Visualizing Bank Failures ( 2008 – 2009 )

Three Takeaways

  1. Acceleration: There were four failures in the first six months of 2008, followed by another 22 failures in the next six months.  By January of 2009, there were 21 failures in the first three months of the year, followed by 138 from April to last Friday.
  2. Magnitude: Failures in the past two years have cost the Depositors Insurance Fund an estimated $57B.  The IndyMac failure of July 2008 accounted for $10B alone, followed by BankUnited at $4.9B and Guaranty Banks at $3B.
  3. Spatial Correlation: There is a significant amount of spatial correlation in California, Georgia, Florida, Texas, and Illinois.  These states account for 77% of the total costs to the Depositors Insurance Fund.  Furthermore, most of the losses in California and Georgia were concentrated highly around a few urban centers.

The Movie

The movie below shows the location of bank failures, beginning in 2008 and concluding with the three failed banks from Friday, December 11, 2009. Each green circle corresponds to a bank failure, and the size of each circle corresponds logarithmically to the FDIC’s estimated cost for the Depository Insurance Fund, as stated in the FDIC press releases. For failures with joint press releases, such as the 9 banks that failed on October 30th, the circles are sized in proportion to their relative total deposits.

Our visualization is similar to this one offered by the Wall Street Journal.  For sizing the circles, the WSJ relied upon the value of assets at the time of failure.  By contrast, our approach focuses upon the estimated impact to the Depositors Insurance Fund (DIF). In several instances, this alternative approach leads to a different qualitative result than the WSJ.  For example, consider the case of Washington Mutual. While many have characterized Washington Mutual’s failure as the largest in history, according to the FDIC press release the failure did not actually lead to a draw upon Depositors Insurance Fund.  By contrast, the FDIC estimated cost for the IndyMac Bank failure was substantial– the latest available estimate sets it at 10.7 billion.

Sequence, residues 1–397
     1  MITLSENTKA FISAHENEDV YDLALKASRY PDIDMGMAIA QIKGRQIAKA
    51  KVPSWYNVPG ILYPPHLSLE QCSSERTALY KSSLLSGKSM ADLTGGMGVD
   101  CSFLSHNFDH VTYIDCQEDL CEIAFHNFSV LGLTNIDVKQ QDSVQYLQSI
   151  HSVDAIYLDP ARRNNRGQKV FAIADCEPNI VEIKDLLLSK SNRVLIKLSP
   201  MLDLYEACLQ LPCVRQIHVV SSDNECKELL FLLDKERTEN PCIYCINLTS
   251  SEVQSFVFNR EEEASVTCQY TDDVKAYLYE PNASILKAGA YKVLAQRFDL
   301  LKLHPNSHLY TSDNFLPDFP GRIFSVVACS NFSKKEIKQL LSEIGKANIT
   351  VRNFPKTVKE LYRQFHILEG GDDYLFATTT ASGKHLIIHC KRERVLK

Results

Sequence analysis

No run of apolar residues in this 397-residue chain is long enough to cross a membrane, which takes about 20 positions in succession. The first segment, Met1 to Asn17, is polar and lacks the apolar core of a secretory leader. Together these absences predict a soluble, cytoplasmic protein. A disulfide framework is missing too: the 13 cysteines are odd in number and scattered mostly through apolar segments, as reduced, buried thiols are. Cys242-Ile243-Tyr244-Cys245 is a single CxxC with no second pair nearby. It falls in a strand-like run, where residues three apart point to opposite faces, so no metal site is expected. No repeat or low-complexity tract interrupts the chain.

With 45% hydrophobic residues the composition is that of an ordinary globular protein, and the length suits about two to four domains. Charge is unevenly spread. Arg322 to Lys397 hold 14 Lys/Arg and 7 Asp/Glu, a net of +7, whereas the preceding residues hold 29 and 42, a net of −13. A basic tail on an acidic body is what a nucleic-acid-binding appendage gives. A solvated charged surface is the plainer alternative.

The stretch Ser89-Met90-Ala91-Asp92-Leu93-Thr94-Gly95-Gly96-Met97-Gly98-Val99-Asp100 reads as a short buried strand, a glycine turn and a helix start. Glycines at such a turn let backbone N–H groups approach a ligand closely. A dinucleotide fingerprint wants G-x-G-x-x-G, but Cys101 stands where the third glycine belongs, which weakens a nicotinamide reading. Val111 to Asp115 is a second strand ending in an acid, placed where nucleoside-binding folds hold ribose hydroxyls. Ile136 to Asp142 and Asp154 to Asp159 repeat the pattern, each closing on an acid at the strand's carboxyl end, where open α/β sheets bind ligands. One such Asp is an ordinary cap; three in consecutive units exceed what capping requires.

Additional Background

As reported in a number of news outlets, Friday witnessed the failure of three more banks – Solutions Bank (Overland Park, KS), Valley Capital Bank (Mesa, AZ), and Republic Federal Bank (Miami, FL).

According to information obtained from the Federal Deposit Insurance Corporation (FDIC), there have been a total of 186 bank failures in the United States since 2000.  Of these, 159 banks or roughly 85% have occurred in the past two years.  The plot below displays the yearly failures since 2000.  These 159 failures over the past two years have cost the Depositors Insurance Fund an estimated $57B.

fdic_failures

In addition to the increase in the rate of bank failures, there has also been a substantial amount of spatial correlation between these failures.  The table below shows the five states with the highest estimated total costs to the Depositors Insurance Fund since 2008.  Together, these five states account for $44B of the total $57B in the past two years.

State Estimated Cost to Fund
California $19.33B
Georgia $9.29B
Florida $6.77B
Texas $4.56B
Illinois $4.12B

Who Owns America's Debt? An Dynamic Perspective on the Major Foreign Holders of Treasury Securities [2002- Present]

Three Things to Notice

(1) China Passes Japan —  This dynamic visual demonstrates how in the fall of 2008 China surpassed Japan as the top foreign holder of U.S. Debt.

(2) The Rise of Russia —  Notice how Russia becomes a significant holder of U.S. Debt between late-2006 and mid-2007.

(3) The Increasing Amount of U.S. Debt Held Abroad — The pie chart is sized by the total debt held by the current top ten debt holders. As a function of U.S. expenditures over the relevant time period, this pie grows in nearly every time period. In the bottom right corner, we track the total debts held by the current top debt holders. Of course, this alone does not represent the complete picture as there is additional U.S. debt held by a variety of other other countries. Therefore, we also track the grand total of all debts held abroad in the bottom right corner of the visual.

Dynamic Perspective on the Increasing Amount of American Debt Held Abroad

Focusing upon the  “Major Foreign Holders of Treasury Securities,” we were interested in considering how today’s major debt holders acquired their top position. The data used the generate the visual above is drawn from United States Department of Treasury. For those interested in replicating our results, the current data is located here and the historical data is located here.